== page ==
Netflix releases, rescinds new password sharing rules
Netflix once tweeted that “Love is sharing a password.” If that’s the case, Netflix has had enough of love.
The multi-billion-dollar streaming service has been threatening to crack down on password-sharing for years, beginning in earnest recently.
On Jan. 31, news site The Streamable spotted an update in the Netflix Help Center detailing how accounts may or may not be shared. This page seemingly announced some drastic changes to the Netflix status quo. While accounts could previously be shared with little to no geographic restrictions, the service seems to be shifting their guidelines to be based around individual households.
With over 50 percent market penetration in North America, the company has had to get creative with its strategies to increase profit. The company estimates that 100 million users access the site with a shared password, meaning that they do not pay for the account. By shifting to a model where the account is strictly tethered to a single location, Netflix hopes that the excluded users will create their own accounts.
The announcement sparked massive criticism, prompting Netflix to state that they did not mean to post it. The guidelines apply to a test launch in Chile, Costa Rica, and Peru which, depending on its success, may expand to other markets. However, the company confirmed in a fourth-quarter 2022 earnings report that they will be implementing “enhanced efforts” to limit password sharing in the United States by the end of March 2023.
The now-removed Help Center update explained that instead of accounts simply being accessible to whoever has the right login credentials (as is currently the case), accounts must now be linked to one Wi-Fi network at a “primary location,” which each device on the account would have to connect to at least once every 31 days to remain a “trusted device.” A device will lose its “trusted” status and be blocked from accessing the service if the user fails to watch something on the correct network once a month. Once a device is blocked, even if it is blocked incorrectly, the user must contact Netflix to get it unblocked.
On top of having to continuously sign in to the primary location’s Wi-Fi, users would no longer be allowed to sign in outside of that location, and the device may be blocked from the account regardless of how recently it was used in the primary location. The policy includes a small compromise for users going on vacation, allowing account holders to request a temporary sign-in code allowing access for seven consecutive days outside of the primary location. It is unclear how often a user is allowed to request a code.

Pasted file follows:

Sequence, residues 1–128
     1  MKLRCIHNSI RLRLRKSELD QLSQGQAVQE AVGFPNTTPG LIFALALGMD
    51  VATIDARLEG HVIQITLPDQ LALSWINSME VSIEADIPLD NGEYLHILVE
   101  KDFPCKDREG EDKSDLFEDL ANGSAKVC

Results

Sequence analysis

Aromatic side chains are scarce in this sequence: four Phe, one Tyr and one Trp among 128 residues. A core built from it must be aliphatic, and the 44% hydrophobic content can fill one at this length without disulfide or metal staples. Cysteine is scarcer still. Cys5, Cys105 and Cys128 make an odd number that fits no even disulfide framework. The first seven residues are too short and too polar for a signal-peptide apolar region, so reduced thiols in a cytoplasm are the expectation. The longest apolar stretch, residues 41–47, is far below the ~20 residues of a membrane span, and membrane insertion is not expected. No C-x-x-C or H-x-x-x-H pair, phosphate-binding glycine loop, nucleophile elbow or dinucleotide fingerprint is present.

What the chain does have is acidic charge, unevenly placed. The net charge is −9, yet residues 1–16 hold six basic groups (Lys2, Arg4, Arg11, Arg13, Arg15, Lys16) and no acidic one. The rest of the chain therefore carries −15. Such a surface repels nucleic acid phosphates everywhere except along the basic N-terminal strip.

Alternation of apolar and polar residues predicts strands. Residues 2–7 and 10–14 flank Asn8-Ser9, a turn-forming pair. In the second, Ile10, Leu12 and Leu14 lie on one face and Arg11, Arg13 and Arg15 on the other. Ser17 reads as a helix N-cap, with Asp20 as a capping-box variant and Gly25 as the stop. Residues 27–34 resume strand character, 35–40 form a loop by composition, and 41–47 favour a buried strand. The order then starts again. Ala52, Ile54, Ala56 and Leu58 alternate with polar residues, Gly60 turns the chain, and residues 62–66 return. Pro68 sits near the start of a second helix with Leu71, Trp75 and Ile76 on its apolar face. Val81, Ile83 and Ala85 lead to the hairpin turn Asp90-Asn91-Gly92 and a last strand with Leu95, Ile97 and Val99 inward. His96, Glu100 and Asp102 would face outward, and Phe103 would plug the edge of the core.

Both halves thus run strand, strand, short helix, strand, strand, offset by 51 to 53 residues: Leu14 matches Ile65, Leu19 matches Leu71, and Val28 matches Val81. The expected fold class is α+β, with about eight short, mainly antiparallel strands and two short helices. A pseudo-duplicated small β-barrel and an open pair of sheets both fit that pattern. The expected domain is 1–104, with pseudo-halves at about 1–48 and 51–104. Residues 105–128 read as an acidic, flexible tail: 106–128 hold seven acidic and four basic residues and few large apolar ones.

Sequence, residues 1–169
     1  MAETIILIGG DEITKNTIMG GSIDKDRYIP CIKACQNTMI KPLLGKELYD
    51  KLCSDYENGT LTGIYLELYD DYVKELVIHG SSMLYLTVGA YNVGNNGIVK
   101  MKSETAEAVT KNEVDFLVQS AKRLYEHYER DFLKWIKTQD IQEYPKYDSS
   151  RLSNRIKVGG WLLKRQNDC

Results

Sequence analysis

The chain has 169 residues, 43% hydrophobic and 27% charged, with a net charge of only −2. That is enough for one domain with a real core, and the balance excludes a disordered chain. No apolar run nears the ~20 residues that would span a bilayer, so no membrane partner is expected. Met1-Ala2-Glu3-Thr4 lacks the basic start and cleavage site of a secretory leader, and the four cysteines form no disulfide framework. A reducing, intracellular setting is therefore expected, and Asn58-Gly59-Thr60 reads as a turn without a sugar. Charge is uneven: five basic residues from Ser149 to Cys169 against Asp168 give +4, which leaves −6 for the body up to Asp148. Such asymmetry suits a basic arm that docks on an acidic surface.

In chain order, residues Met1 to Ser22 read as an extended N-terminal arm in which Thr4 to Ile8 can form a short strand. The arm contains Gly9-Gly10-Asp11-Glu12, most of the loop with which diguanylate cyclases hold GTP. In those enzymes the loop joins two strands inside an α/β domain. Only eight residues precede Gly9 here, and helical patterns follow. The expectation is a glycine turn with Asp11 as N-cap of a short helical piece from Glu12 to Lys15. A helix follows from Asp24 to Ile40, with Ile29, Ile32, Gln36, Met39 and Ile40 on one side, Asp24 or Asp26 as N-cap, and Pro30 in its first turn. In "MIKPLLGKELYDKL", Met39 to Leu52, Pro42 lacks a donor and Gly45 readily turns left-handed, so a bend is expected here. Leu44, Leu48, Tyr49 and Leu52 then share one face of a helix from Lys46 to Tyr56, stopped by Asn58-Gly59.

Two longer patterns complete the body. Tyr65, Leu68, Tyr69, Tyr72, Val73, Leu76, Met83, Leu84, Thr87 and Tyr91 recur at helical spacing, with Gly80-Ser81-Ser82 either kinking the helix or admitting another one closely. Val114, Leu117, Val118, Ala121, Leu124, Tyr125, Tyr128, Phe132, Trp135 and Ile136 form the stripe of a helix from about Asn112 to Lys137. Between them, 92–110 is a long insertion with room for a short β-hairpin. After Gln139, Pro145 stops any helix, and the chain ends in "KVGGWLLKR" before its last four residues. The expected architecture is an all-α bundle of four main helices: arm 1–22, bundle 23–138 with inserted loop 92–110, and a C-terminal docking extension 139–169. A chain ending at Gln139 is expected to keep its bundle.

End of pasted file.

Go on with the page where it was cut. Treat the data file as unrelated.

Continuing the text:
Netflix tracks account activity, location, and device usage with information including IP addresses and device IDs, allowing them to strictly enforce this new policy.
These changes would bring massive disruptions to many existing accounts. Netflix accounts are commonly shared among families, but this update is not compatible with many living situations. As critics have pointed out, this would exclude families with separated parents, children away at college, long-distance relationships, and military families with a deployed family member. Even for families who live together 100 percent of the time, this model is inaccessible if they happen to take a vacation longer than seven days.
Unsurprisingly, the update sparked widespread backlash online. Netflix’s 2017 tweet reading “Love is sharing a password” has gone viral in response, with many pointing out the irony between the statement and their latest update.
Netflix’s current anti-account-sharing measure is a limit on how many devices can watch simultaneously. Basic accounts allow only one, the next tier allows two, and the Premium plan allows four. The announcement upset many users who upgraded their account in order to share with family members, but will no longer be able to if the measures are implemented.
There is currently a way around this in the Latin American test launch, allowing account holders to pay an extra $2.99 for every user outside of the primary location.
While Netflix hopes that these stringent new rules push some of the 100 million password-sharers to get their own accounts, many feel that the update is a jump too far and that will cause existing account holders to cancel. Netflix gained popularity as a convenient way to watch movies and TV, so ease of access is still important to much of its user base. Between this announcement and a relative lack of compelling original content in recent years, this may just be the last straw in deciding that the up to $19.99 per month subscription fee is no longer worth it.